Part of my inspiration for this topic came from my anticipation of the upcoming General Conference, which should be playing as I publish this, and part of it came from a discussion I had recently with a friend who had decided to leave the Church. What both of these things have in common are prophets. The prophetic connection to General Conference is obvious, but the prophetic connection to my friend may need some explaining.

As I said this friend had decided to leave the Church, and as I talked to him one of the things which kept coming up were statements by earlier prophets, particularly Brigham Young. He found some of these statements to be indefensible, but, only when paired with the idea that Brigham Young was a prophet. He readily admitted that other people of the same era could and did say the same things, without necessarily being a bad person, but no one could be an actual prophet and say those things, ergo the Church couldn’t be true. This is not to say that statements by Brigham Young were the only reason he decided to leave, there were other things as well, but these statements played no small role in his decision.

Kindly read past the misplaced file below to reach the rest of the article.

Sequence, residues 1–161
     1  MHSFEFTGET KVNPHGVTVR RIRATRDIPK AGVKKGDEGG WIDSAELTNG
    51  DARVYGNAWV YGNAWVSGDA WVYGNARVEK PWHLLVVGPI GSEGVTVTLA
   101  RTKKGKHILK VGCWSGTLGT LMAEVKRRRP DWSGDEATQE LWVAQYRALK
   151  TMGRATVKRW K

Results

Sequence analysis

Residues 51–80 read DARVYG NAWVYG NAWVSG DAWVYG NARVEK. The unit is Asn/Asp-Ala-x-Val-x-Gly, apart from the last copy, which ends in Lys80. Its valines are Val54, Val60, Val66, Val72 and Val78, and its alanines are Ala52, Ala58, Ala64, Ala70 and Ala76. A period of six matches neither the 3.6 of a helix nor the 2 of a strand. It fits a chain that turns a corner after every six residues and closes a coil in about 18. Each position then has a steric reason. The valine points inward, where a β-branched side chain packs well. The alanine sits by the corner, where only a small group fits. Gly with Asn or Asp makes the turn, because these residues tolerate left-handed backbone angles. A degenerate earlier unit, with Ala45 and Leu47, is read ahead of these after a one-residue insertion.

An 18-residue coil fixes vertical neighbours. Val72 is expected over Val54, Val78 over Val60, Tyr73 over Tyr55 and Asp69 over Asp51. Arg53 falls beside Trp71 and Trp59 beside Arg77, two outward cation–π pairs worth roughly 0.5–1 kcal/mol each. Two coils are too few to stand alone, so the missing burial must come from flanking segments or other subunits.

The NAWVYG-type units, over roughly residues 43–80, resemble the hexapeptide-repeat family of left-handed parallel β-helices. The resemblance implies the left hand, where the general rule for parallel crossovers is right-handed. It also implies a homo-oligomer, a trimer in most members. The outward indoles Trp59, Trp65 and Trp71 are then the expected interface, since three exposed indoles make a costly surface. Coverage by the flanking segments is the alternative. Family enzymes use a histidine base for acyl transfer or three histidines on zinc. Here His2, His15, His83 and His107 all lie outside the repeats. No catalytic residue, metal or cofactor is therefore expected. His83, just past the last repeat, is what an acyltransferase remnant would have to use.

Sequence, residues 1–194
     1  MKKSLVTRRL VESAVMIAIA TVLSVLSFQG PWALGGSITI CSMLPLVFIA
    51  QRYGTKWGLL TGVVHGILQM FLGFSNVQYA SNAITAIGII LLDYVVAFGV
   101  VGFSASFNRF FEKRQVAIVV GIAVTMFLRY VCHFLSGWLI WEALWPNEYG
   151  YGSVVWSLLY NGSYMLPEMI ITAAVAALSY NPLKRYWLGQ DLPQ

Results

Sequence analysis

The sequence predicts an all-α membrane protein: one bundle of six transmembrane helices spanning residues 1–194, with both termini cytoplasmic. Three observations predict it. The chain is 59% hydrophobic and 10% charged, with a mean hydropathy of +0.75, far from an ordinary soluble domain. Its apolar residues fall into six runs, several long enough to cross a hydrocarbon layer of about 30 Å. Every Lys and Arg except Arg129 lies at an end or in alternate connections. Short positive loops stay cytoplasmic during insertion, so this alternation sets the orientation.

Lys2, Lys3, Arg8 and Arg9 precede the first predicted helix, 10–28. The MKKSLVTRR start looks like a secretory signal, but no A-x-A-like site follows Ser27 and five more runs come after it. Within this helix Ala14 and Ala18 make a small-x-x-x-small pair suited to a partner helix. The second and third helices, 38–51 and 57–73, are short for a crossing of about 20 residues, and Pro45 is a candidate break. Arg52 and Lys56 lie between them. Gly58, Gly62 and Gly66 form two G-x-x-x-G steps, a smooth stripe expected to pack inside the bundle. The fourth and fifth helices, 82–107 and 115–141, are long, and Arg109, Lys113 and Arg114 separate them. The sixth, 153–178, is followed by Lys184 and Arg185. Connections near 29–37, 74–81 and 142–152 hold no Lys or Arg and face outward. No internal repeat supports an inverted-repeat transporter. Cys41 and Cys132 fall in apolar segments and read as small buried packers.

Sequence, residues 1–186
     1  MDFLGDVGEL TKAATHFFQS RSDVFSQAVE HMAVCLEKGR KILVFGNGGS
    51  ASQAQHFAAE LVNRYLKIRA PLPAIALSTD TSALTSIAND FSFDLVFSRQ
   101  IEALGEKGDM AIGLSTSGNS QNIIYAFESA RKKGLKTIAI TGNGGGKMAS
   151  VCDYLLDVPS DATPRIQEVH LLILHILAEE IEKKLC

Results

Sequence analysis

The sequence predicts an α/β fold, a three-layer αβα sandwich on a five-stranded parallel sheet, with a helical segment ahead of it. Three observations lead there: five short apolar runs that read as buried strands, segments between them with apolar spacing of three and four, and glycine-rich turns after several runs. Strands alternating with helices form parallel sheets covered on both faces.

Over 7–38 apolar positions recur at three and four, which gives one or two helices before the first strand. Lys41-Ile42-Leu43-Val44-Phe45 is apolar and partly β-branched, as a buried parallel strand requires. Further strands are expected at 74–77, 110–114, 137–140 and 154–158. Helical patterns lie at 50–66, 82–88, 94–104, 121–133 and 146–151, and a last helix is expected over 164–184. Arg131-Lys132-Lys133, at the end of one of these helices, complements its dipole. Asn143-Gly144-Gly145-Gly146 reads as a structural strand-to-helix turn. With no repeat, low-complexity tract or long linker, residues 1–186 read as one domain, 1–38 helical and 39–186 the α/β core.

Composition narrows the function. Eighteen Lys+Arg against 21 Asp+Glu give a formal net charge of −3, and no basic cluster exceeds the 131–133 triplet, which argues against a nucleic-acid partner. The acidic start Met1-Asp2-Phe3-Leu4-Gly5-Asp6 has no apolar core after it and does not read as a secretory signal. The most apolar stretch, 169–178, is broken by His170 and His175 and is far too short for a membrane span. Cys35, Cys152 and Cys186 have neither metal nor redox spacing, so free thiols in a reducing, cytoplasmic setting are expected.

This is the prophetic connection to my friend’s decision, but you are probably still wondering how all of this connects to the cargo cults. As I said, unlike everyone else who has used the cargo cults as a metaphor, I want to illustrate how close the Melanesians and the Americans were, not how far away. While it is true, that from the perspective of the Melanesians that the Americans appeared to have God-like powers, they were still just men. If you had taken an islander and dropped them in the middle of New York, they would have initially been awestruck and overwhelmed, but with some hand-holding and a little time, I imagine no more than a year, they’d have been fine. The biggest problem, of course, would have been the language, not cars or electricity or indoor plumbing.